that is done in the stress relief process when the forge fire is used for stress relief rather than an oven. Skilled smiths in ideal conditions can not guarentee exact results using the forge for stress relief. Use the oven method.

The legend is that the arab smiths used to temper their blades by plunging them through the body of a Nubian slave. If you have a very dificult camping buddy you might consider a variation of that theme.

You did not burn any large amount of carbon out of the blade on a campfire. You can not get a normal campfire that hot.

Come on Tacky, if you can tour the world you can afford a set of $1 pliers to fish steel out of the fire!

Buy some charcoal and scrounge a few bricks to contain and control the heat of the fire. Use a bicycle tire pump with a bit of copper tube attached to force air into the fire. You can do some good work with simplw tools but you have to be able to control the heat consistantly.
:burning:
LD
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Re: A Mocotaugan

New postby Taky on Tue 11 Sep 2007 18:47

I'm treking with my donkey... no oven, so it must be another way to temper the blade. Didn't see an oven in months, chinese don't use ovens like westerners do, and bread is steamed. Ducks are roasted on a big ceramic jar fitted with an electric elements, but hardly reach 180ºc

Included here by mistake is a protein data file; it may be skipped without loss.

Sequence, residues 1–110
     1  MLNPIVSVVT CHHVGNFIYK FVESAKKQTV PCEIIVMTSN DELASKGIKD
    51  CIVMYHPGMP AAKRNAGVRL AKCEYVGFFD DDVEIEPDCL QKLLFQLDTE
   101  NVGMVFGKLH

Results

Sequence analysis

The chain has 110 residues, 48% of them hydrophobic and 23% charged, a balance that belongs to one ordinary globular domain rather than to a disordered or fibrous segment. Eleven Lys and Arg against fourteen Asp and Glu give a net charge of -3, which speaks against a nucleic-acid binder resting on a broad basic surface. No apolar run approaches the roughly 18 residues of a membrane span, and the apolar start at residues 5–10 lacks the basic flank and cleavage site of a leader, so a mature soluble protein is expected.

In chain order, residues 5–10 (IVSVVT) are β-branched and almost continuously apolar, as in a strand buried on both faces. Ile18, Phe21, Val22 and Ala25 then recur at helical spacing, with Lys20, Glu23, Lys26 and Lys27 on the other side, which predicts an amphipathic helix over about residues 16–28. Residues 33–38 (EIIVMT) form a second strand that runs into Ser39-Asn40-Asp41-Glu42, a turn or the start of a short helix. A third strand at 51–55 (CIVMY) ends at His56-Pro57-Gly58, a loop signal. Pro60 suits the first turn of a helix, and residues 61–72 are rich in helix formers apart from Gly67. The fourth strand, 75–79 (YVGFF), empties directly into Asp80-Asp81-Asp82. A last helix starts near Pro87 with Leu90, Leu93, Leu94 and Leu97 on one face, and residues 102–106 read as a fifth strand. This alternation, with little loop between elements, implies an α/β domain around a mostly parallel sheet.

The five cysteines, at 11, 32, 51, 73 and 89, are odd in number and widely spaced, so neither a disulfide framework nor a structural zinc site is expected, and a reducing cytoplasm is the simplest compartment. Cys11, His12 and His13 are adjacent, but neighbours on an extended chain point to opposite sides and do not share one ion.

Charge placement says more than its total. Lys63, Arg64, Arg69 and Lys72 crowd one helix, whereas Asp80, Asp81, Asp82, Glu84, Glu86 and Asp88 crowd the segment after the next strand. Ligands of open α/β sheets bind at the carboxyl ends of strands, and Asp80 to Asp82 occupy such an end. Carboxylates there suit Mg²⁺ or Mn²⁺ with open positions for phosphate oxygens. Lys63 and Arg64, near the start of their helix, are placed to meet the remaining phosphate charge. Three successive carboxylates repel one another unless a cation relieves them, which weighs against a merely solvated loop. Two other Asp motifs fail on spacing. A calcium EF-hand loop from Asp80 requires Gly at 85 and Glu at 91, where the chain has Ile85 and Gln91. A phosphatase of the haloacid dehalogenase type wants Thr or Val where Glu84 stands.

I'll have more oil with me now, plus a magnet and maybe another couple of godies: so the next one may end up better. But I don't want to overload the donkey with my forging experiments, he has enought work with my french attraction for food!

I'm not sure what sort of steel those files are made of... I can't imagine chinese ussign a western description steel!

Is hard to explain how little there is to find arround here, there is nothing like a DYI superstore to be seen. Once a week on some villages there is a local market on the floor, with some food (vegies, beans, flour, and pork normally), instant noodle soups and with luck a few very basic godies for farmers where I got the files. To guive an idea, the guy from this guest house is leaving tomorrow for a 3 day trip on buses to reach the main city on the area and fix his computer... a week to change the power suply :yikes: I tried to help, but I can't find nothing like solder (not to say a soldering iron, I'm more than happy with a nail), electric tape, or even a set of small screw drivers... No angle grinder at miles either :sad: